My sinuses have been killing me all day... lighter fluid and a match seems like a sensible option at this point if… twitter.com/i/web/status/9…
It seems in Sweden you aren’t allowed to dislike any one for any reason, and if you do, someone will cry to the government about it.
Duncan Riley at The Inquisitr wrote up a story this weekend that is just jaw dropping in its oddness. It seems that an 8-year-old in Sweden has set off a firestorm of controversy over his not inviting two of the kids in his class to his birthday party, while inviting the rest of the class. The two kids were left out due to one not inviting the original boy to his birthday party, and the other because they had a falling out.
When the teacher saw that two students had been left out, she confiscated all of the invitations and informed him that since he did it during class time, it fell under Sweden’s non-discrimination laws. According to the original BBC story, when the birthday boy’s father learned of this, he filed a complaint with the parliamentary ombudsman for a ruling, and that is expected to be handed down by September.
I can see where perhaps handing out the invitations during school was a poor choice, but what do you expect from an 8-year-old? As for it being an act of discrimination, let’s look at the Dictionary.com definition of discrimination:
1. an act or instance of discriminating.
2. treatment or consideration of, or making a distinction in favor of or against, a person or thing based on the group, class, or category to which that person or thing belongs rather than on individual merit: racial and religious intolerance and discrimination.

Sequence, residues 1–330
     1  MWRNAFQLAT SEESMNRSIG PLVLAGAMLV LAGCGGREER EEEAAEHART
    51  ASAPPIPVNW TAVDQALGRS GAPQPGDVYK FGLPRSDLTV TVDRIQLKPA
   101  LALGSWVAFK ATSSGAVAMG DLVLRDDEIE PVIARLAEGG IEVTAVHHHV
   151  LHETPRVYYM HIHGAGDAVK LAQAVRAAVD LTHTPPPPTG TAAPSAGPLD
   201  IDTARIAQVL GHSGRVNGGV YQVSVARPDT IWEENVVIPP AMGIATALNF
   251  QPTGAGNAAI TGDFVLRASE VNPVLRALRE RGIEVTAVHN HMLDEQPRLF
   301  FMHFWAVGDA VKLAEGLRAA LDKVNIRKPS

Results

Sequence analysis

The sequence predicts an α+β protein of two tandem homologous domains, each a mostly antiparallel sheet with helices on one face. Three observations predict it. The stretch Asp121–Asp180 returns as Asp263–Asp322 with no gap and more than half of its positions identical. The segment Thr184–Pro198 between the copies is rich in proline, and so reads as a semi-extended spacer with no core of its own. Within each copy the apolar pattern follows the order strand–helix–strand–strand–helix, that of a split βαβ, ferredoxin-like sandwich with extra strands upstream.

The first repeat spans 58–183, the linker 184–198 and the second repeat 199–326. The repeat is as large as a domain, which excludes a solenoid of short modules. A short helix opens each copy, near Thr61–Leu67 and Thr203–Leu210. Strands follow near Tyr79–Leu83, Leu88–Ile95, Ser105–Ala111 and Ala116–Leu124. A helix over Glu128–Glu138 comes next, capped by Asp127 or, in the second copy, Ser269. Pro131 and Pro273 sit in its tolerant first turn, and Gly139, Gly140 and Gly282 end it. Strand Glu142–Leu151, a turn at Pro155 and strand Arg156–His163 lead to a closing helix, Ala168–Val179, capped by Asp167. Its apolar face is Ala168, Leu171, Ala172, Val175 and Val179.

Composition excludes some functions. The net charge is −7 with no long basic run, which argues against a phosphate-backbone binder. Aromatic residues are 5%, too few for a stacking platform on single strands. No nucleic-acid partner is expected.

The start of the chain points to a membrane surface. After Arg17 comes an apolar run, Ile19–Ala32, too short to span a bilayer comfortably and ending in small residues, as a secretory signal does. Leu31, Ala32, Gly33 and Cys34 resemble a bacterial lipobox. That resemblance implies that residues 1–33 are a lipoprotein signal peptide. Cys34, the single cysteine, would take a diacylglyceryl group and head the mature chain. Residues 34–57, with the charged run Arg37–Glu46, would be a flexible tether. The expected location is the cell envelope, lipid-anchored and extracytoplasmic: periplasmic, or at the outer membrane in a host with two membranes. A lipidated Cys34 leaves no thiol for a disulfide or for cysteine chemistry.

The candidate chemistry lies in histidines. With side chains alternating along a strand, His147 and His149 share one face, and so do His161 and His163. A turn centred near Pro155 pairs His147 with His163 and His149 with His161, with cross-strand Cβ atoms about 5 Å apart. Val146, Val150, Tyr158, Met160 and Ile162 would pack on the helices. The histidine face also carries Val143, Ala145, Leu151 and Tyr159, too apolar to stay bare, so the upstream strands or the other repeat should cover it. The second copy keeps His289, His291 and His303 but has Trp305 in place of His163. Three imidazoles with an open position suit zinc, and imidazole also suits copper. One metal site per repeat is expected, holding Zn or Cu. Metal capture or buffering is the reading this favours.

3. the power of making fine distinctions; discriminating judgment: She chose the colors with great discrimination.
4. Archaic. something that serves to differentiate.
Okay, yes, they did belong to a class you could say: Kids This Other Kid Hates. Again, I can see where it would have been better not to have been done in class, because I’m sure those two kids felt bad not getting invitations, but I think the teacher’s explanation was a bit much that this incident fell under this law. How do they handle round robin picking of teams in gym class there? “Okay, you can’t pick any one last because that would be discrimination, so whomever you were going to pick last, pick them first… wait that won’t work either… could someone call parliment to see how we should handle this?”
That is the other thing that amazes me about this whole incident: the parliament is actually going to rule in this. Why didn’t they say, “You know, this is silly, sort it out for yourselves at the school level.” No, the parliament of Sweden is going to actually rule in what boils down to who a child can and can not invite to their birthday party. I think Mr. Riley may have said it best in his article, “We now crown Sweden as the winner of the ultimate nanny state award for 2008â€¦and possibly all time.”